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Sumo Bots is a building event which was run in the C division in 2011, and is being run as a trial event for the B division in 2014. The event consists of building a robot which is able to push another team's robot out of a designated area. Currently the robots must autonomously operate. Before 2013 the robots were remote controlled.
There are many ways to build your robot. You could use Vex Kits or a similar building kit, or custom-build a robot from parts you attain yourself and are not part of a kit. The method that has had by far the most success is the custom built robot, since you can modify the size of the motor and the wheels into the most beneficial configuration without being constrained by the parts in a kit.
Under the trial event rules, Sumo Bots is a battle of the wallets, in a sense, since most of the components needed to build a good robot can cost a lot of money. If it is possible to salvage parts such as wheels and motors from old robots or RC cars and the like, you may be able to reduce this cost a bit.
Hopefully in the future the national committee will make some changes to the maximum size and weight of the robots so as to make the event less dependent on money and more dependent on who has the best design.
There are lots of different design possibilities, especially if you're custom building your Sumobot, but by far the most popular design is the wedge.
The wedge design is basically a robot that is shaped like a wedge. This way, when the wedge approaches its enemy bot, it can either charge and scoop the other bot right off the competition floor, or, if the other bot tries to charge, it will travel straight up the wedge, and most of the time, fall over.
There are a lot more variations on the wedge that make different designs more or less competitive, however, beyond making the scoop lower, sharper, and more steep (all of which are obvious though important). These modifications should come to you more easily by intuition and experience than learning about them by reading.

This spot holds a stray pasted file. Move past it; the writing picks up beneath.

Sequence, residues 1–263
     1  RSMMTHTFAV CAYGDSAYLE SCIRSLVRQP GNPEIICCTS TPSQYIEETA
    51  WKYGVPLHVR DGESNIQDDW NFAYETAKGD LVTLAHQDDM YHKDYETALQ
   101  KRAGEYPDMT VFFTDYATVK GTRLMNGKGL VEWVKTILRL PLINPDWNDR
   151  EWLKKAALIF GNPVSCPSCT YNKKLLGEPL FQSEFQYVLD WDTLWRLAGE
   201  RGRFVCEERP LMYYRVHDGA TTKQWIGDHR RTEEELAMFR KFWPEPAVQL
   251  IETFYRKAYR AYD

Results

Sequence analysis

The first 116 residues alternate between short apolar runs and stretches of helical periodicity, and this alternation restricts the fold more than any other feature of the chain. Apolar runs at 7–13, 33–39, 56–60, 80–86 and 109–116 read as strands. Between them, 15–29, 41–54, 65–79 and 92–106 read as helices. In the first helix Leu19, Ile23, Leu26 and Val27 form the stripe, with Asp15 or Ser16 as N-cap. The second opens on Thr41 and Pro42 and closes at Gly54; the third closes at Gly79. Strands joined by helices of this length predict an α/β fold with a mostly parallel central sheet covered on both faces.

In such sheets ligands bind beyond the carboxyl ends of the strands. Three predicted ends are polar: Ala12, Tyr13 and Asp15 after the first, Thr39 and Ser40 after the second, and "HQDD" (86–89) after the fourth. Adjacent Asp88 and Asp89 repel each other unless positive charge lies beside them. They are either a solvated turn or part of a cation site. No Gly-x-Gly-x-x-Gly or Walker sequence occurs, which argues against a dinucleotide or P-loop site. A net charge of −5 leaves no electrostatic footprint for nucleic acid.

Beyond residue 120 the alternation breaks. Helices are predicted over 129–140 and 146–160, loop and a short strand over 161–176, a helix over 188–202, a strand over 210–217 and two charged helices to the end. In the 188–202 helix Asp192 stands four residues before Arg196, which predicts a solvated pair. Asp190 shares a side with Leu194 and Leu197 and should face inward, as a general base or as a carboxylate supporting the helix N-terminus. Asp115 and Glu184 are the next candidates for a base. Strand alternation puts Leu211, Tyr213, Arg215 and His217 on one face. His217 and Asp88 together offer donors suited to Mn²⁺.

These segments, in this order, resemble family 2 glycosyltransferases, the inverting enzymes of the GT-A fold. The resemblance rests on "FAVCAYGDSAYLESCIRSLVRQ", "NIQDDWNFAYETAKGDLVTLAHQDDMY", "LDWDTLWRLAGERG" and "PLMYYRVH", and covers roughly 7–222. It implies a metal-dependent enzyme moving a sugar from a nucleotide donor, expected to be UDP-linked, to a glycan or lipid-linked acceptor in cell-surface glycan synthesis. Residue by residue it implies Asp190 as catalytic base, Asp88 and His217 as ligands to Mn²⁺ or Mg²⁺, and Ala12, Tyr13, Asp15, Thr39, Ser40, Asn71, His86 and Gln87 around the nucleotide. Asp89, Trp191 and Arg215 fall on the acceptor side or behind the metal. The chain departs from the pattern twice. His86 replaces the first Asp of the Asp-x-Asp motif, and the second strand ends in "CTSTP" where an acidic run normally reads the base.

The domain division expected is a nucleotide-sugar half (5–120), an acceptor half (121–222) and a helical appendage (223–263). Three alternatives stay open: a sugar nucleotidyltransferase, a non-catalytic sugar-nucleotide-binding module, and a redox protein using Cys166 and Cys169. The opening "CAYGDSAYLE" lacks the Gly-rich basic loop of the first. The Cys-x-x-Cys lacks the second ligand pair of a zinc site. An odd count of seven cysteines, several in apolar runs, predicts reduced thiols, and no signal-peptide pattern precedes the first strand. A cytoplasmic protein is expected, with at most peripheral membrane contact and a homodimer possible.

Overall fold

The ram design is not ideal, since a bad wedge could beat it. However, if you are able to hit it on a non wedged side, you could win.
More wheels mean that less weight rests on the scoop. The scoop does not contribute to pushing power, so weight resting on it is weight wasted. Having more wheels generally means that you will have wheel slip when turning. This happens when the wheel isn't pointing in the same direction as its motion, such as in a four wheeled robot turning about its center. All wheels are pointed forward or backwards, but their direction of travel is tangent to circles centered at the turning point. Either will contribute to significant loss of pushing force; the first for obvious reasons and the second because it will cause the wheel and the ground to engage in kinetic friction instead of the static friction of a wheel rolling on the ground.
It is palpable that you will want to use the most powerful motors you can get that are legal under the rules.
More then any other event, it is key that the person operating the Sumobot has spent lots of time with the Sumobot and is a skilled operator capable of thinking on their feet so they can react to whatever their opponent throws at them. You can have a Sumo bot capable of knocking a person out of the ring and you aren't going to win anything unless you have a driver who knows what they're doing. </spoiler>